PDF/EPUB Kathy Davis ☆ Making of Our Bodies, Ourselves: How Feminism Travels ☆

The book Our Bodies Ourselves is a feminist success story Selling than four million copies since its debut in 1970 it has challenged medical dogmas about women’s bodies and sexuality shaped health care policies energized the reproductive rights movement and stimulated medical research on women’s health The book has influenced how generations of US women feel about their bodies and health Our Bodies Ourselves has also had a whole life outside the United States It has been taken up translated and adapted by women across the globe inspiring than thirty foreign language editionsKathy Davis tells the story of this remarkable book’s global circulation Based on interviews with members of the Boston Women’s Health Book Collective the group of women who created Our Bodies Ourselves as well as responses to the book from readers and discussions with translators from Latin America Egypt Thailand China Eastern Europe Francophone Africa and many other countries and regions Davis shows why Our Bodies Ourselves could never have been so influential if it had been just a popular manual on women’s health It was precisely the book’s distinctive epistemology inviting women to use their own experiences as resources for producing situated critical knowledge about their bodies and health that allowed the book to speak to so many women within and outside the United States Davis provides a grounded analysis of how feminist knowledge and political practice actually travel and she shows how the process of transforming Our Bodies Ourselves offers a glimpse of a truly transnational feminism one that joins the acknowledgment of difference and diversity among women in different locations with critical reflexivity and political empowerment


10 thoughts on “Making of Our Bodies, Ourselves: How Feminism Travels Across Borders (Next Wave)

  1. says:

    Fascinating study of the history and mythology of OBOS and its global family tree of new editions translations adaptations and appropriations Davis writes both admiringly and critically about her subject One chapter fits awkwardly in terms of structure but makes a persuasive case for OBOS as an epistemological text and a traveling theory par excellence too long undervalued as such by feminist theorists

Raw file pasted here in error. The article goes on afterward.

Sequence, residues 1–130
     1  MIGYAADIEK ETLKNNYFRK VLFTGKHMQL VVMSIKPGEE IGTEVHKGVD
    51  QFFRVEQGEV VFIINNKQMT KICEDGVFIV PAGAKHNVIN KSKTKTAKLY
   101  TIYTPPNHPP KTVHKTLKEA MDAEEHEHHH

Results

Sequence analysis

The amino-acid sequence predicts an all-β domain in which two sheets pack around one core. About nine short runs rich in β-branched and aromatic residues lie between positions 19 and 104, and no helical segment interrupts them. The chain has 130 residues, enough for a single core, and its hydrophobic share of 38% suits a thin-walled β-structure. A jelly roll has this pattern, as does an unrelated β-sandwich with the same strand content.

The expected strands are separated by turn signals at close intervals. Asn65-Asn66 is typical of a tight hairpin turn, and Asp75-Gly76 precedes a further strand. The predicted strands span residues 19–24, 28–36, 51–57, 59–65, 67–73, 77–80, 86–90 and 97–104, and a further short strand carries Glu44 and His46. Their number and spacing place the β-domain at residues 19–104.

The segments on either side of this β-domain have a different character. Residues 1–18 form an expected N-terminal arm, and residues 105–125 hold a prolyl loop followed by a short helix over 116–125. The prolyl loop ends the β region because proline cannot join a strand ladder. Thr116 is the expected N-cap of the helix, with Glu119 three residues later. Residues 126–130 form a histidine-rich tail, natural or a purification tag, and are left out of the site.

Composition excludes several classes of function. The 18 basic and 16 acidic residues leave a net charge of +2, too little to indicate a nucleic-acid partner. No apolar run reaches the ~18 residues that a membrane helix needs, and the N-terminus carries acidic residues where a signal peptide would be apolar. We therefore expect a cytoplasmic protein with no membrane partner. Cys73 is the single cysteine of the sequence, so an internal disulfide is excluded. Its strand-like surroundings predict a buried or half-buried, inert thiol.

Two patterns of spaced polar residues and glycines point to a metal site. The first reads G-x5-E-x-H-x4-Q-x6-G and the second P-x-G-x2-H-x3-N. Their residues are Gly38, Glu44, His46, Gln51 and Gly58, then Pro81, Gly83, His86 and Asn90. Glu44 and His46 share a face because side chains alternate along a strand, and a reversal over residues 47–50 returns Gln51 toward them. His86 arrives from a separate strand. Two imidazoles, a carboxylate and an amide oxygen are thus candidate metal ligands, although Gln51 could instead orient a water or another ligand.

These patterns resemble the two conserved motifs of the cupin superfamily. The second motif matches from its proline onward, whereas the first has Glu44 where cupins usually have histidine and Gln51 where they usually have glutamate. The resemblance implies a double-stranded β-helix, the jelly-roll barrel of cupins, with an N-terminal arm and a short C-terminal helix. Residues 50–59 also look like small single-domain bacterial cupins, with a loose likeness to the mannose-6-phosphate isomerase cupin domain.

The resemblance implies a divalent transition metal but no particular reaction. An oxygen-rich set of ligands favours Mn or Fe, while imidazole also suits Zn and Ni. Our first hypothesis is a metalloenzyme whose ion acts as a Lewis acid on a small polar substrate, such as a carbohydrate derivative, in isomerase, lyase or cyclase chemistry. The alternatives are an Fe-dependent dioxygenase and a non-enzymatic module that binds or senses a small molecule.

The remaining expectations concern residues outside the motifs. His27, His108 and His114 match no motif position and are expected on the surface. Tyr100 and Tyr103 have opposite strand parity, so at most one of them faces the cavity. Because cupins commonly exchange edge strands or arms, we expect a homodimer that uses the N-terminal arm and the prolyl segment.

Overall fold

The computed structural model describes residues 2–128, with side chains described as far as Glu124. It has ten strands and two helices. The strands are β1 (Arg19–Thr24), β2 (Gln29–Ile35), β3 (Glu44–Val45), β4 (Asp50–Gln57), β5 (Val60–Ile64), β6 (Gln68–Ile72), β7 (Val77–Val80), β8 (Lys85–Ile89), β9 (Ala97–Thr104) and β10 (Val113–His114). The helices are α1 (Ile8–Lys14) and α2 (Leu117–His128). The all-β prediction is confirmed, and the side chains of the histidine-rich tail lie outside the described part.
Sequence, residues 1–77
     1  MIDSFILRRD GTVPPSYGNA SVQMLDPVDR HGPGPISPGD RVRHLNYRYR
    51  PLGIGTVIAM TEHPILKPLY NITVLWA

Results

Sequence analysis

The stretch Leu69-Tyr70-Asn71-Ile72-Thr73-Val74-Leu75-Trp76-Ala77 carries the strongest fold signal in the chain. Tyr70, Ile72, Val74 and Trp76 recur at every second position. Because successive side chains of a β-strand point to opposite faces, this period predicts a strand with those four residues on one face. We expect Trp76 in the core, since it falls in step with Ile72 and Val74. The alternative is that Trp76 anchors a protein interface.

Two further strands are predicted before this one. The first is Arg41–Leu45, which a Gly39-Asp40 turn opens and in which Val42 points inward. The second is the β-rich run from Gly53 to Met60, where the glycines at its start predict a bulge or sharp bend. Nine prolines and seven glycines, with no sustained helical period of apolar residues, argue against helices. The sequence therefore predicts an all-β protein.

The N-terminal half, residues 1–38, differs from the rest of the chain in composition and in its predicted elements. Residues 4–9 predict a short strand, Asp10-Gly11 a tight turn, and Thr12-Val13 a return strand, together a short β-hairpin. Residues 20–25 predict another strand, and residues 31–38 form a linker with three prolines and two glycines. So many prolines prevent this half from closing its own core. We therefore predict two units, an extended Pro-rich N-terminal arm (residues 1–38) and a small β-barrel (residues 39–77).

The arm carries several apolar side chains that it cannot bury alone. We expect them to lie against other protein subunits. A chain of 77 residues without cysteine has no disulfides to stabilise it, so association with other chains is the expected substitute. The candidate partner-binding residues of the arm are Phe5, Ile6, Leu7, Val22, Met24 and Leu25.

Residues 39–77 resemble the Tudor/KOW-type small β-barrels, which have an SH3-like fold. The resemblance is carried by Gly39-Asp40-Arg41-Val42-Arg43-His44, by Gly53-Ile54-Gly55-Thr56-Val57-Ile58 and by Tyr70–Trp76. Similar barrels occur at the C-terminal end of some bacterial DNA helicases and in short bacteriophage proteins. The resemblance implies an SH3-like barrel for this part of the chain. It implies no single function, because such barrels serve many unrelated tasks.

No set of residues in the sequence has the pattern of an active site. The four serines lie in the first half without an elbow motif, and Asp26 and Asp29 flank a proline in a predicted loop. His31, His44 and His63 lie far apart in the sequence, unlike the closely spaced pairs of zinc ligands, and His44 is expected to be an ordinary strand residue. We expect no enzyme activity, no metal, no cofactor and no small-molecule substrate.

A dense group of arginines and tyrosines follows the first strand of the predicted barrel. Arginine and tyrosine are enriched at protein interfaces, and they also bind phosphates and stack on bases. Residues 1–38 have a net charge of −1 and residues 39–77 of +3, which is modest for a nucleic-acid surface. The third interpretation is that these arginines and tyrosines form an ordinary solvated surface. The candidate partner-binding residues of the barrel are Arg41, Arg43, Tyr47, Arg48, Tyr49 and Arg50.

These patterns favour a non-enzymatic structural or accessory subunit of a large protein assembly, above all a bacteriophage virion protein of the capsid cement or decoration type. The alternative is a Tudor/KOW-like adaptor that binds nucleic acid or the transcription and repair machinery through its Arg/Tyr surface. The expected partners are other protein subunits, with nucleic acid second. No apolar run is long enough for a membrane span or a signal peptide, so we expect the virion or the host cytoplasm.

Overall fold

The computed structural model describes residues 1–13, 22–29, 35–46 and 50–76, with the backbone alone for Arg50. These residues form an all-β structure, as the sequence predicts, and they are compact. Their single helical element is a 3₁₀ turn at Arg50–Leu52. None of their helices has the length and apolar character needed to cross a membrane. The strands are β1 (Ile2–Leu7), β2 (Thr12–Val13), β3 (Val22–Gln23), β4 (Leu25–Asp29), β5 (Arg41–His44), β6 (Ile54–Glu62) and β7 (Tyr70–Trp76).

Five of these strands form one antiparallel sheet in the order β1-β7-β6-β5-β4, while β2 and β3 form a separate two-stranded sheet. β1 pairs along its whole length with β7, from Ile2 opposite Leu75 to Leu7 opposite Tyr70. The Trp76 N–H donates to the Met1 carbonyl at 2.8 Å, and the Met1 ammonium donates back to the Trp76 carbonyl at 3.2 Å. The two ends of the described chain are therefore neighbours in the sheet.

2. says:

    The book is a pain to read The style is atrocious The actual facts are interesting Yet the author is in dire need to build a mythology and the actual women are less relevant This way running water electricity all practical aspects are thrown out to make way for the Holy Spirit of Feminism Sure self exploring is an essential part but life shows it won't happen in a rat infested hovel while birthing the 13th childSo the facts are very relevant But the omnipresent dogma and the obscurantism turn everything into junk


  3. says:

    This is one of my favorite books about feminism It shows the evolution of a feminist project and organization This was my first real detailed example of how the issues of diversity and inclusion were dealt with and thoughtfully integrated into their mission and most importantly into OBOS I have continued to recognize a similar history of dynamics in other feminist groups I have become familiar


  4. says:

    I read this book for a class on feminist theory and global health The book was interesting to read especially the portion devoted to translation and reinterpretation however Davis seemed bias towards the founders and the way she ignored the problems in OBOS and side stepped over other issues was problematic


  5. says:

    This is a really excellent book which is far than merely a celebratory account of a history making book which it could have been There are all sorts of juicy ideas and stimulus to thoughts about transnational feminism feminist epistemology founding myths how organisations negotiate their transitions over time Highly recommended